You can read the linked Wikipedia article for all the details, but entrelac is basically a knitting technique that involves working a series of rectangles (and triangles) to create a patchwork effect. Instead of knitting across all the stitches on a row, you knit back and forth across a set number of stitches (e.g., groups of 8) over and over. In the process of doing this, you create a slipped stitch edge that you can pick up to create the rectangles on the row above. So as you work one entire "row" or tier of your entrelac project, you get rectangles slanted in one direction and then rectangles slanted in the other direction. Here's what I mean.
I've been admiring an entrelac stole in the local yarn store for a while. Back when I did my baby sweater class, the proprietor gave me the pattern for the stole, and I finally got around to starting it last month. I love challenging myself with my knitting by trying new techniques, and while I didn't anticipate entrelac would be too difficult, I admit to some trepidation. What I did not expect is how much I would absolutely love it.
First, entrelac is dead simple. It's probably one of the easiest techniques I've picked up. If you know how to knit/purl, how to knit/purl stitches together, and how to make new stitches, you're good to go. The only part of the learning curve might be picking up and knitting/purling stitches—but hey, that just gives you practice for turning heels!
Seriously, though, once you get into the rhythm with entrelac, you don't even need a pattern any more, because it is so obvious what you're doing next, even if you've put the project down for days. You can quickly tell at a glance if you've made a mistake, and even if you have 50 or 100 stitches in the entire project, since you're only working a small number of stitches at a time (8, in my case), frogging or ripping out an entire rectangle to fix a mistake is no big deal. Entrelac is a very forgiving technique.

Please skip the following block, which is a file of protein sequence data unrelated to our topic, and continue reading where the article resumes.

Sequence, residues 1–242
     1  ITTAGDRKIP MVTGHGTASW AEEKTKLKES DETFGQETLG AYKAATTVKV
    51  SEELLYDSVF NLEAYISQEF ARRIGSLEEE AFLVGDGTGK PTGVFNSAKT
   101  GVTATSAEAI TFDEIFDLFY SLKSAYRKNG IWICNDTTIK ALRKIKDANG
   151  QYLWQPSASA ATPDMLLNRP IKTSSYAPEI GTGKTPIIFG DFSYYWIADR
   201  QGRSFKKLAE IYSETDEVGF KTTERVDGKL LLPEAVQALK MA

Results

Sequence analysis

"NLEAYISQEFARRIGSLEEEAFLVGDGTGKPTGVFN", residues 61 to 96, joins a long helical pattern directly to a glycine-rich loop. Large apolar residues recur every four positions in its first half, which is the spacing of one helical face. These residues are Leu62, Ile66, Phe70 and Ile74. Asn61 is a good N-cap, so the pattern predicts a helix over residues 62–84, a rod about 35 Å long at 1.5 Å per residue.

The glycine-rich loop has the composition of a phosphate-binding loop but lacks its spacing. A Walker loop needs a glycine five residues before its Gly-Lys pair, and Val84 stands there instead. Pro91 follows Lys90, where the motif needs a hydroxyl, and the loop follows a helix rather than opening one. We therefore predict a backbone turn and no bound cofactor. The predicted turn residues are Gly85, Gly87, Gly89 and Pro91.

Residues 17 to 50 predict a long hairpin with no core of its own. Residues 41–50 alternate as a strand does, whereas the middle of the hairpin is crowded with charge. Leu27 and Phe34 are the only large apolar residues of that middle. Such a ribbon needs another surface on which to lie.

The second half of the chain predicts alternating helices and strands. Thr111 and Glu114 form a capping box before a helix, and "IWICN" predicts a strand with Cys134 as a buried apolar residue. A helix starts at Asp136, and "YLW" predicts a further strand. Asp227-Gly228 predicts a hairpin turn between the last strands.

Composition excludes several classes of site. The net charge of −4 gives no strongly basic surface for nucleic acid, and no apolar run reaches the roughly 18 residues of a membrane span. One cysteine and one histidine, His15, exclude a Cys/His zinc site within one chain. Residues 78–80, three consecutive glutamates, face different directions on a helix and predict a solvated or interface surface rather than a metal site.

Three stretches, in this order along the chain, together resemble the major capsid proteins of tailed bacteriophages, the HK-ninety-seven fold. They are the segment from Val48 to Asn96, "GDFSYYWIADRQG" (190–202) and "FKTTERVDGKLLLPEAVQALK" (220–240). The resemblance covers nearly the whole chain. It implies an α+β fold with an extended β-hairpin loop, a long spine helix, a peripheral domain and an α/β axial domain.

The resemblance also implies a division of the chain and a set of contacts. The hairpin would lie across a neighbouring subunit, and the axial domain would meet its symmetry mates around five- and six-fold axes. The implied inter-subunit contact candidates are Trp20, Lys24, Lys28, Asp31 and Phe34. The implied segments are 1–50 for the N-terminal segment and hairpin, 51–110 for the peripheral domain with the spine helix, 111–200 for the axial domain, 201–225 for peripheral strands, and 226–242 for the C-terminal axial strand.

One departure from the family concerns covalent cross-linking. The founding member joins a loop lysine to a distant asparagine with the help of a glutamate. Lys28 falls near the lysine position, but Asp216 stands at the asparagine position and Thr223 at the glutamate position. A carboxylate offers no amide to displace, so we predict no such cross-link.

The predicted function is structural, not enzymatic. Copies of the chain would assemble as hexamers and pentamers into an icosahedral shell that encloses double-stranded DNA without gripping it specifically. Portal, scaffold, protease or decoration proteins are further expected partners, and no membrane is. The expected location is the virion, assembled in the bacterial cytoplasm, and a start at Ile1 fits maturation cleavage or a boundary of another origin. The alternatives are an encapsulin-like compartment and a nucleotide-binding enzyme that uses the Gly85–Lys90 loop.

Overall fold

Second, I love the mathematics. I love the mathematics in all of knitting, but especially with entrelac. My pattern calls for 7 blocks of 8 stitches (making 56, yay arithmetic). So everything I do is in 8. I pick up 8, then I knit or purl back and forth until those 8 stitches swallow the next 8 stitches through decreases along the end of each row of the rectangle. At any given time, I know how far I am in the rectangle by how many stitches from the last tier need to be swallowed. As I said above, this makes entrelac an easy pattern to drop and then pick up later.
Third, it's beautiful. Gawk at it!
Finally, entrelac is a happy medium between a technique/pattern that is too boring and one that requires too much attention. I mostly knit in front of the TV or when I'm out socializing. Some patterns require intense concentration: you have to count stitches, rows, and repeats, with or without the help of an aid. And there is nothing wrong with that if you're in the mood for it. Sometimes, though, I just need a project I can do somewhat mindlessly—the trouble is that the very mindlessness of those projects makes them boring, especially if they are larger ones like scarves. As much as I like one-row scarf patterns, I need a little excitement in my life! Entrelac is something that requires a little bit of attention and lets me change up whether I'm knitting or purling, etc., but after a few rows I can quickly sink into the rhythm and just let my hands work while I chill.
I also recently completed a lovely pair of fingerless mittens with a cable pattern. They are mine, for keeping my hands warm when I knit in the winter! And I did a cowl in a whim from some cheap yarn I had lying around; I'm not sure what that is destined for yet.